Real Estate

Collateral Analytics: Your neighborhood school may determine home values

Data suggests school quality affects pricing

There is a correlation between home values and school quality in neighborhoods divided by school systems, suggesting homeowners living in neighborhoods with a high performing school might pay more for their homes, according to new data from Collateral Analytics.  

Collateral Analytics, a developer and provider of automated valuation models and other property valuation tools, determined that attributes like crime, transportation, recreational opportunities and schooling can affect neighborhood desirability.

The importance of any of these factors depends on a homeowner's willingness to pay for them. Research indicated that the school system is a significant motivator for location, and that performance can affect home value, according to the company.

The company said in theory households that place prominence in school value will tend to gather around locations with better school quality, therefore capitalizing on home values.

In order to conduct this research, Collateral Analytics compared the values of similar homes in the same neighborhood that were divided by school district lines. Evendale/Princeton School District and Sycamore School District, which are both located in the northern suburbs of Cincinnati, Ohio had a value difference of 58% per square foot as of 2018.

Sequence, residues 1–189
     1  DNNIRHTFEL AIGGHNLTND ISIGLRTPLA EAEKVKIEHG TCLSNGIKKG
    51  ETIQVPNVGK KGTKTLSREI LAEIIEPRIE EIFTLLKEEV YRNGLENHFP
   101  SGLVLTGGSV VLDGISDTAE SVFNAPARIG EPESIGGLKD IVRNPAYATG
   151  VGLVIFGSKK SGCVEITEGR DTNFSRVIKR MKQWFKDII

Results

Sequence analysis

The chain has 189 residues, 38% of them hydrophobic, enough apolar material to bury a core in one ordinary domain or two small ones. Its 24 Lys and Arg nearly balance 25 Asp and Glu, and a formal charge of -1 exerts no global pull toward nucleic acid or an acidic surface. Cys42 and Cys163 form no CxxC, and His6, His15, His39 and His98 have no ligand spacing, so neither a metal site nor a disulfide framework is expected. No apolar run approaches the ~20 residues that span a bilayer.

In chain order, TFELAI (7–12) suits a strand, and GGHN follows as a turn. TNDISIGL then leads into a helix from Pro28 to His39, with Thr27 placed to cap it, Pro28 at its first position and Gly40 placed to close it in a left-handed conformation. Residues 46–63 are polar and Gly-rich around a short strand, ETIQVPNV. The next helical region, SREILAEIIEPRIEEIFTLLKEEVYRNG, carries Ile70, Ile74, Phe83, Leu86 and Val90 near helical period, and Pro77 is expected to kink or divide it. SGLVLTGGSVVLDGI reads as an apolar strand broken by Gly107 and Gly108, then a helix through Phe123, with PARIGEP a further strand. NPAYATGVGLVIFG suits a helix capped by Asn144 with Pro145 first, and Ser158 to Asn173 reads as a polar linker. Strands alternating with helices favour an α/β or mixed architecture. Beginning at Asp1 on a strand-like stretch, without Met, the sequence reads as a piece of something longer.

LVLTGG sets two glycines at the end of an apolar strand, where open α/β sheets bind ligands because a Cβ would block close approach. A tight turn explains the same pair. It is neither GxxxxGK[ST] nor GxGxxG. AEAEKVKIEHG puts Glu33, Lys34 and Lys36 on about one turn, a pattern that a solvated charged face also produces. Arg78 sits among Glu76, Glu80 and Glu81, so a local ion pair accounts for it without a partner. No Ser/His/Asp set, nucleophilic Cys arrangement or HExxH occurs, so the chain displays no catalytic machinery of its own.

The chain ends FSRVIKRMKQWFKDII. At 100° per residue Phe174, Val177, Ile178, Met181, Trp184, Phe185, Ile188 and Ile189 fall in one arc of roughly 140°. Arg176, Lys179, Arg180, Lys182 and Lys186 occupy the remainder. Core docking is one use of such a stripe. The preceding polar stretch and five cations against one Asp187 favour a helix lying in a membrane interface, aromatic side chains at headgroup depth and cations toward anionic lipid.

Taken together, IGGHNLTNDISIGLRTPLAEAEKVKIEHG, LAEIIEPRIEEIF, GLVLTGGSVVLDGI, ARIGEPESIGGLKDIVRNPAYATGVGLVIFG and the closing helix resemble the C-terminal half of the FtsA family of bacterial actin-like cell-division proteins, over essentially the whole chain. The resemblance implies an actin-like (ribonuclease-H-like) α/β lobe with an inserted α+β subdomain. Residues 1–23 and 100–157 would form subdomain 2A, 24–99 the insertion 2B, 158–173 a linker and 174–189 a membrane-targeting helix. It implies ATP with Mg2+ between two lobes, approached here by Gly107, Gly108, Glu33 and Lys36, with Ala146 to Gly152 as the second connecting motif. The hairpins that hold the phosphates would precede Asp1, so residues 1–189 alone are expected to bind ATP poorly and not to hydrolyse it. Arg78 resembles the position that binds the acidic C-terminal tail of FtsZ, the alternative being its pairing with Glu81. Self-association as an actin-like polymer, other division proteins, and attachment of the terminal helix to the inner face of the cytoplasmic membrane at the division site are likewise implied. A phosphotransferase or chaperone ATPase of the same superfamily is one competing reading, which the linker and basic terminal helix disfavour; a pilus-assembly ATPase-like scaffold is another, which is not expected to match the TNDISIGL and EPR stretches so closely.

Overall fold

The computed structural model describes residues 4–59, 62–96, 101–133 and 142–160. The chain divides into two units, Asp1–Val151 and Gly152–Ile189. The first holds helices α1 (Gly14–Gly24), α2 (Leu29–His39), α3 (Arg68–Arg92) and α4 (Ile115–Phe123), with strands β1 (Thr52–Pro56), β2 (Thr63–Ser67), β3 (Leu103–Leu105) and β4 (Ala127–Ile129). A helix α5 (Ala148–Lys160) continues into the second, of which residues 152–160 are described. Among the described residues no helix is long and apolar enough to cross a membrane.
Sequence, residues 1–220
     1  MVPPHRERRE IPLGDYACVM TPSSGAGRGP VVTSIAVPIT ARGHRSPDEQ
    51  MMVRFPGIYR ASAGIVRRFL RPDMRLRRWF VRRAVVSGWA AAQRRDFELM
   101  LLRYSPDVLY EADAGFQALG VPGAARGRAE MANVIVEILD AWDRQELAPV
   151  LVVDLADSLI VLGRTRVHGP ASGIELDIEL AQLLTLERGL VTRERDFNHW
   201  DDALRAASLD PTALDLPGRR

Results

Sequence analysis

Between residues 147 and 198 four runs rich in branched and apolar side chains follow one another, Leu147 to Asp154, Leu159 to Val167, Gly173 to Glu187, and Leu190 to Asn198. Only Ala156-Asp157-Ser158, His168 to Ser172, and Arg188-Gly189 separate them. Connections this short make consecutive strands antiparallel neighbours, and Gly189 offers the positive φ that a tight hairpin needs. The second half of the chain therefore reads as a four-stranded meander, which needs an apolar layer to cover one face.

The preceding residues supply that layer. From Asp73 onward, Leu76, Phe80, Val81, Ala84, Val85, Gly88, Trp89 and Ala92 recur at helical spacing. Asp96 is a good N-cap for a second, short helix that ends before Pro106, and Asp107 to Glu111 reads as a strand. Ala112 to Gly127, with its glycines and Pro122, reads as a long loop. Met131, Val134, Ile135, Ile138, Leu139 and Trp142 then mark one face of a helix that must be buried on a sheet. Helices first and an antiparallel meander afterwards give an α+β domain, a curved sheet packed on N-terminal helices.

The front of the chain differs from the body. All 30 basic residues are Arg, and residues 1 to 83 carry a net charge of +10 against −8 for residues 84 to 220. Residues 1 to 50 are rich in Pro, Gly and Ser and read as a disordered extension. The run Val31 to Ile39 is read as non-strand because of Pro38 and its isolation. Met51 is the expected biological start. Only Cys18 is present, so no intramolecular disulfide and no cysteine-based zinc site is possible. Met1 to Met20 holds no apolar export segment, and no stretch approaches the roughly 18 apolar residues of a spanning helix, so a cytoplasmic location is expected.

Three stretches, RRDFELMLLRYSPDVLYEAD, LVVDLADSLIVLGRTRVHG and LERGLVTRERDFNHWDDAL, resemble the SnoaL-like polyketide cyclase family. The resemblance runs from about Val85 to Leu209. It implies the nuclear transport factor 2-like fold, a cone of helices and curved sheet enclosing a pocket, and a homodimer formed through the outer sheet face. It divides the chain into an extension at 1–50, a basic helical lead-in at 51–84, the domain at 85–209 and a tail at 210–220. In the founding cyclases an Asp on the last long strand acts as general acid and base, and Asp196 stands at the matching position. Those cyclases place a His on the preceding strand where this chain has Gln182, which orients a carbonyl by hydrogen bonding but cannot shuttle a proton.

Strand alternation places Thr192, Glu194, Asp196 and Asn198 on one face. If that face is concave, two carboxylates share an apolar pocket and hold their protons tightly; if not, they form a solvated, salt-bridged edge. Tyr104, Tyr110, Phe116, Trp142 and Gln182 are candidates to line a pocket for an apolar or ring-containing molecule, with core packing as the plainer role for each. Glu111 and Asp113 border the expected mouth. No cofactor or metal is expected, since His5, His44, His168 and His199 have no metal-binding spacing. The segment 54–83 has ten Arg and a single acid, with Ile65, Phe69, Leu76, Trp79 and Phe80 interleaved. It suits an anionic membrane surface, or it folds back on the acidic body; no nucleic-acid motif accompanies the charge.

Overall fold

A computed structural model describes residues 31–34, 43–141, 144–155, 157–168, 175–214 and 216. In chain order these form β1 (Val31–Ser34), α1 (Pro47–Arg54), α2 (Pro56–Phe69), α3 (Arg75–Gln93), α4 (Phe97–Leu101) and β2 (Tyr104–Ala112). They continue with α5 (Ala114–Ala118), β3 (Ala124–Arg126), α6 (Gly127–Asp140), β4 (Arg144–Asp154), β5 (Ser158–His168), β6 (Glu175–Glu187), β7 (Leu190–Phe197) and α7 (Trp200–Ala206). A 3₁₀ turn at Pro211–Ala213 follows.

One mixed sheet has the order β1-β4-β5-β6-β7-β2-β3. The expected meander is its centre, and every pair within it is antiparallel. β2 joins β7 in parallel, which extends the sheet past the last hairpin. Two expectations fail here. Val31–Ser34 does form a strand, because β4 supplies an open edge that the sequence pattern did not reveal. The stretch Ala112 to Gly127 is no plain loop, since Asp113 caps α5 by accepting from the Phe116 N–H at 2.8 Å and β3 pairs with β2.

Although the homes were similar in size and model, it concluded that the homes in the less valued school district were typically occupied by families without children or those who chose to send their children to parochial schools. Homes that were in the sycamore school district were primarily inhabited by younger families with more children, therefore increasing the values of their homes, the company said.

 Collateral Analytics also compared performance tests between schools in San Diego County and researched the home prices of four districts and the persistence of school price spreads. It recognized that values of homes stayed rather consistent, but also discovered that higher elementary school math and language scores correlated with more expensive housing.

The company said scores alone may not explain home prices and theorize that capitalization in these areas occur when high performing schools are in short supply. Simply, the lack of supply eventually leads to a build up of property value, therefore meaning neighborhoods with a low supply of high performing schools have the largest school quality capitalization rate.

While school quality does not always affect every community, Collateral Analytics data suggests that in certain areas of the country, performance may directly impact residential home prices and how stable premiums will be over time.  

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